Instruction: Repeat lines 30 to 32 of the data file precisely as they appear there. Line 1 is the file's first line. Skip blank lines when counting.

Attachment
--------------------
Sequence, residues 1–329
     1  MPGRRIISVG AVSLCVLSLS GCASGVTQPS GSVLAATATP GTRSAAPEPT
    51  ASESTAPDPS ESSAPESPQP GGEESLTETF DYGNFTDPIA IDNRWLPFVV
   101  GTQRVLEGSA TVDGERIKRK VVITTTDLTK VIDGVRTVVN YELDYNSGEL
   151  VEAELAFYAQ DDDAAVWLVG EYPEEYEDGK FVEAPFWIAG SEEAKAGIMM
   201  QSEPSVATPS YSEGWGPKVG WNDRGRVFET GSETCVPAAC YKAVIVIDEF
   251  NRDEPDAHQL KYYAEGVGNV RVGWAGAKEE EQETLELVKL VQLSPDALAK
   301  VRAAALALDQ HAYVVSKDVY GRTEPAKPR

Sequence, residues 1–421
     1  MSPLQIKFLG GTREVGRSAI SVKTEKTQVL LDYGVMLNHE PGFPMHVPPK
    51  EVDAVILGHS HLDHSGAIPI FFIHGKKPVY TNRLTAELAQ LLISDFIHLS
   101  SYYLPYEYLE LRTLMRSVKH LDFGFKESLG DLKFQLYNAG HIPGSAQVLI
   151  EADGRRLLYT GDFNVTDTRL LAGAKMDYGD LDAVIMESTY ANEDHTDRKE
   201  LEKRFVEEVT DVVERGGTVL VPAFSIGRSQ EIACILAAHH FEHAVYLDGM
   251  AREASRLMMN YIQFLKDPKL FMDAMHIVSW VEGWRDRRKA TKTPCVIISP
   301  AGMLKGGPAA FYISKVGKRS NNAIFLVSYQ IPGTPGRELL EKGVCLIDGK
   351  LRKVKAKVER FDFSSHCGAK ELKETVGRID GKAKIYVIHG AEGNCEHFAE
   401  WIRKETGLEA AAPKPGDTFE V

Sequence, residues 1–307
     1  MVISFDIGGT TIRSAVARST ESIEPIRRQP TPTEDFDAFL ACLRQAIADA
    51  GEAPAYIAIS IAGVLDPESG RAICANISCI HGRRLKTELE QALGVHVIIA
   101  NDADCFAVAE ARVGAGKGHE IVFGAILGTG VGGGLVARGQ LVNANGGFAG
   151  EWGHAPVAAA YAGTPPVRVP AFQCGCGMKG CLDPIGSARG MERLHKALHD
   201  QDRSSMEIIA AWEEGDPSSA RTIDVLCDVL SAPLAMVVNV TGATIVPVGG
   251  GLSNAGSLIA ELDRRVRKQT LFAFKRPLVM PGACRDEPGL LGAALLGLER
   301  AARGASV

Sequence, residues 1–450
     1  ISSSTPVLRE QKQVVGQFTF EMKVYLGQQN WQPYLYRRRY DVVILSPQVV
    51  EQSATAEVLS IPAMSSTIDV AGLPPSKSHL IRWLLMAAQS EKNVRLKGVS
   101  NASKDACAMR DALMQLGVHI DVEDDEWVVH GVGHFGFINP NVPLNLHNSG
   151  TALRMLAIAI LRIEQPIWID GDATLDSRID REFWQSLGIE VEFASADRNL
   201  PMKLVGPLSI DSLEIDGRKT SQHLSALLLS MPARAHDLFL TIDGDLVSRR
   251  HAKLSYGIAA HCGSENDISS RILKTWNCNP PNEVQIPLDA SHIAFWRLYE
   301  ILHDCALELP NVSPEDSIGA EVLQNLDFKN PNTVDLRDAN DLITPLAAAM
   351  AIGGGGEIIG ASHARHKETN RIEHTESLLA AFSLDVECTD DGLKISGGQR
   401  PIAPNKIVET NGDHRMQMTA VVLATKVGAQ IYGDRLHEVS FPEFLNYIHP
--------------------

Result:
   101  NASKDACAMR DALMQLGVHI DVEDDEWVVH GVGHFGFINP NVPLNLHNSG
   151  TALRMLAIAI LRIEQPIWID GDATLDSRID REFWQSLGIE VEFASADRNL
   201  PMKLVGPLSI DSLEIDGRKT SQHLSALLLS MPARAHDLFL TIDGDLVSRR